Charts, graphs, or statistical analysis will be included in empirical papers. Empirical research articles are often lengthy, ranging from 8 to 30 pages. A bibliography is always included at the conclusion of the piece. Additional notes may appear toward the end of the paper.
Empirical studies use actual evidence gathered from real people, events, or phenomena. As opposed to theoretical papers which make assumptions about what is true based on subjective opinions, empirical studies use objective facts collected through experiments or surveys.
The field of empirical science focuses on studying reality with methods that are directly relevant for doing so. Thus, empirical science aims to answer questions such as "How high is the mountain?" and "Why do birds fly south for winter?" rather than questions that are not relevant to obtaining information about reality ("Are mountains white with snow all year round?" and "Do birds have feelings?"). The nature of these questions determines how researchers go about answering them. If the question is important but cannot be readily answered with current technology, scientists may design an experiment (e.g., a controlled study) to test it.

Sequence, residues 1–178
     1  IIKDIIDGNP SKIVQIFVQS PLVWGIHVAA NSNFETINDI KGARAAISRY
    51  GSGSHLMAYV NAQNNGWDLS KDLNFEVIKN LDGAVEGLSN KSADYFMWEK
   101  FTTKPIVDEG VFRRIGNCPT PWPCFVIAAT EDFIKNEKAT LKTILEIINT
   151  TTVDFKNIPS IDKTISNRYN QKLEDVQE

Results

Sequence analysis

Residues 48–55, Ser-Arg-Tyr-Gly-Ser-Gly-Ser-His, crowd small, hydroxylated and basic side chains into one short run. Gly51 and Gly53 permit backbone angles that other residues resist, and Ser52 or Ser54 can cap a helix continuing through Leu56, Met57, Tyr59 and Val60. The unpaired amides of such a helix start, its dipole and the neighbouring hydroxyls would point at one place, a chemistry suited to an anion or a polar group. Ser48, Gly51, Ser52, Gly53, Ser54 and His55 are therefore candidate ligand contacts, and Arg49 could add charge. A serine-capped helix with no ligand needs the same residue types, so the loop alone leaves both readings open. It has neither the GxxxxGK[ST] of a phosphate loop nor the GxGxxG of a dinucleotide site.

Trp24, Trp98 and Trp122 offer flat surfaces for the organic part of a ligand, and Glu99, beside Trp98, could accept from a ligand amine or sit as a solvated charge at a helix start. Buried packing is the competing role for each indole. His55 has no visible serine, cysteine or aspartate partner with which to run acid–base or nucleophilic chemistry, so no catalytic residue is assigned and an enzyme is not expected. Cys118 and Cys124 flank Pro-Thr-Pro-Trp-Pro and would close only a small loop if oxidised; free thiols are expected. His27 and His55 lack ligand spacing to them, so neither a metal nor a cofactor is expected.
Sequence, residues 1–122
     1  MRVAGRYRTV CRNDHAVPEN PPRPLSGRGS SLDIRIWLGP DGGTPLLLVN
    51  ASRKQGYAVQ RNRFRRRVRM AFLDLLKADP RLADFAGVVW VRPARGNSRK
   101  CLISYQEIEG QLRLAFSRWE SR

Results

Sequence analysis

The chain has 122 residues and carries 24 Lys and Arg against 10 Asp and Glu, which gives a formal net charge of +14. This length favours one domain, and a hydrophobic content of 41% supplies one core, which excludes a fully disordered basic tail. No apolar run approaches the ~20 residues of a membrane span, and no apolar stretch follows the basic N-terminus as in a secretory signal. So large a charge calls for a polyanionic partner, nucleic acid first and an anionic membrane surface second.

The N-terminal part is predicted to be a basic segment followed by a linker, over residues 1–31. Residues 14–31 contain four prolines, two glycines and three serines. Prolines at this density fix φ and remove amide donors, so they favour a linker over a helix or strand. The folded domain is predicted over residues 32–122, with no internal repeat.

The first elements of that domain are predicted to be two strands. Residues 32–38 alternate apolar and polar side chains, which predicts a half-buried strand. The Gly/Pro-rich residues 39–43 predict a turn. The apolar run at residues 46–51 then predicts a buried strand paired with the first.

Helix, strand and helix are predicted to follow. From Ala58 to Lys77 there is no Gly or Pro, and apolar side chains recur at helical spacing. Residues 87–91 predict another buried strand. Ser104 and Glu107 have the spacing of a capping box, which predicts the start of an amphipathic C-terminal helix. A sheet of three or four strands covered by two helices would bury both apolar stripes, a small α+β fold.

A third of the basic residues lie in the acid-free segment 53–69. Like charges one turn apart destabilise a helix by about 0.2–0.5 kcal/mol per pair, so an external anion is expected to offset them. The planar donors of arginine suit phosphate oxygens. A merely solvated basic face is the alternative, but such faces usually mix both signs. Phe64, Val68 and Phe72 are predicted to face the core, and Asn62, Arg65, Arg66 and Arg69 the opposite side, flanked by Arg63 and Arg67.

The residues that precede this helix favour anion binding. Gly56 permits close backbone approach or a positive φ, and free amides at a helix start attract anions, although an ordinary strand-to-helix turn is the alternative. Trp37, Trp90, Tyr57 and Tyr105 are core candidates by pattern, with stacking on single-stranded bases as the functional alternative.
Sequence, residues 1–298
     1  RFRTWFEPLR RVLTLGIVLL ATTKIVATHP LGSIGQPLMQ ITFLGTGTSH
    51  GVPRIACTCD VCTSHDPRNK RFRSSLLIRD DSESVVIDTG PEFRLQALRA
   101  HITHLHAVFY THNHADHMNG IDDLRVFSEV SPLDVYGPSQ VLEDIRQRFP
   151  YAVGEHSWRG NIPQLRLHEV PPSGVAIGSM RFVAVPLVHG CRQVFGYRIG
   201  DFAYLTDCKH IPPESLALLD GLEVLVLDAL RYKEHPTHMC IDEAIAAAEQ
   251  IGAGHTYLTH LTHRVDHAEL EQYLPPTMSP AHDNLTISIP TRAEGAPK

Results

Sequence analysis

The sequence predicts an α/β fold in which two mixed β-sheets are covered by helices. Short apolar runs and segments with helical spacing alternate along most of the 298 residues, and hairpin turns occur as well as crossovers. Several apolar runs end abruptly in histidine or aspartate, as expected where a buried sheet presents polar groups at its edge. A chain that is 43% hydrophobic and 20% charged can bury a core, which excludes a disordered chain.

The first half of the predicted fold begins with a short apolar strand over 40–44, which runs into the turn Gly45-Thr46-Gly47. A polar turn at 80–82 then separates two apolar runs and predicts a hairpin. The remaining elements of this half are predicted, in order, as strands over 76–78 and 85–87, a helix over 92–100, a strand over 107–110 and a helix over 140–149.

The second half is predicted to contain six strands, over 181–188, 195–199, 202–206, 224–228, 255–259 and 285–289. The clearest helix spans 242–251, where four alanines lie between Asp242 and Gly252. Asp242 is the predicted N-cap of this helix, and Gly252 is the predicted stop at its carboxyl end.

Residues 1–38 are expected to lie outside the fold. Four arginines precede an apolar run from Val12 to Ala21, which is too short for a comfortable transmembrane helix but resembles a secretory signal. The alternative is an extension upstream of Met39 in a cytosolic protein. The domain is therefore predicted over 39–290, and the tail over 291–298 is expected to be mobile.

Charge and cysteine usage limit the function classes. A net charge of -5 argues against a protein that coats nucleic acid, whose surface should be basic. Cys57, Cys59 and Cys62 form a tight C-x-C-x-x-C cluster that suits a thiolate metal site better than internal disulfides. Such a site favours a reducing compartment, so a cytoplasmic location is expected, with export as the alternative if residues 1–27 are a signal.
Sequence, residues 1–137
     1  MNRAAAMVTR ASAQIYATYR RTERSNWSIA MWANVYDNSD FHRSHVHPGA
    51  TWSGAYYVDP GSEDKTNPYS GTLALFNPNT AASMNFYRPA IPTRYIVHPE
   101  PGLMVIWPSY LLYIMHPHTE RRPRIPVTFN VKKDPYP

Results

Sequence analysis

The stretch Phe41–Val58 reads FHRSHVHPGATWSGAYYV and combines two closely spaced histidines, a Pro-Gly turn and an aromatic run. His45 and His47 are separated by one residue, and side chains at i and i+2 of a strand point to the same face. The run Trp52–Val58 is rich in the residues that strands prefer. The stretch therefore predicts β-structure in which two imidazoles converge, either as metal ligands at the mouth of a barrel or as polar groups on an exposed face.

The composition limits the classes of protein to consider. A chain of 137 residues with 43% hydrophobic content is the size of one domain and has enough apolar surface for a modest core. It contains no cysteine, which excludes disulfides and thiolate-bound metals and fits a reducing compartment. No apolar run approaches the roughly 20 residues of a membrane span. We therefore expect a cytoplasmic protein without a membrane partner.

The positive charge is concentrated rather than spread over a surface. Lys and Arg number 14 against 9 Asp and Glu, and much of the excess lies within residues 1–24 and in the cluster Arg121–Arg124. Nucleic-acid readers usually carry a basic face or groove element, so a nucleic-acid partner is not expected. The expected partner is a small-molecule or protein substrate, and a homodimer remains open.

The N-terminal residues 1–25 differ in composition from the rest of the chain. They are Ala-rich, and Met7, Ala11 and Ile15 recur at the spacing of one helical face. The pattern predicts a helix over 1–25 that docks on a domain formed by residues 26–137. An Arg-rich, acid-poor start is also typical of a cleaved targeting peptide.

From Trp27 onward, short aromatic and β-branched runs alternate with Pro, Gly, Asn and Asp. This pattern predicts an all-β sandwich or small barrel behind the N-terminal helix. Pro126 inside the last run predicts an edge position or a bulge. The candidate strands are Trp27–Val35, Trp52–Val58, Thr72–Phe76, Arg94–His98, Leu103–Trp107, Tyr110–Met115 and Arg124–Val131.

In empirical science, conclusions must be drawn only on the basis of evidence presented in the paper. An empirical study cannot prove anything; it can only report what has been found to be true under specific conditions.
Introduction, methodology, results, and discussion are the sections of empirical papers (although the actual section names vary). The introduction provides the article's literature review and is a useful source of information as you construct your own literature review. It also serves as a guide for those who will read the paper, helping them understand what role each section plays in the overall story.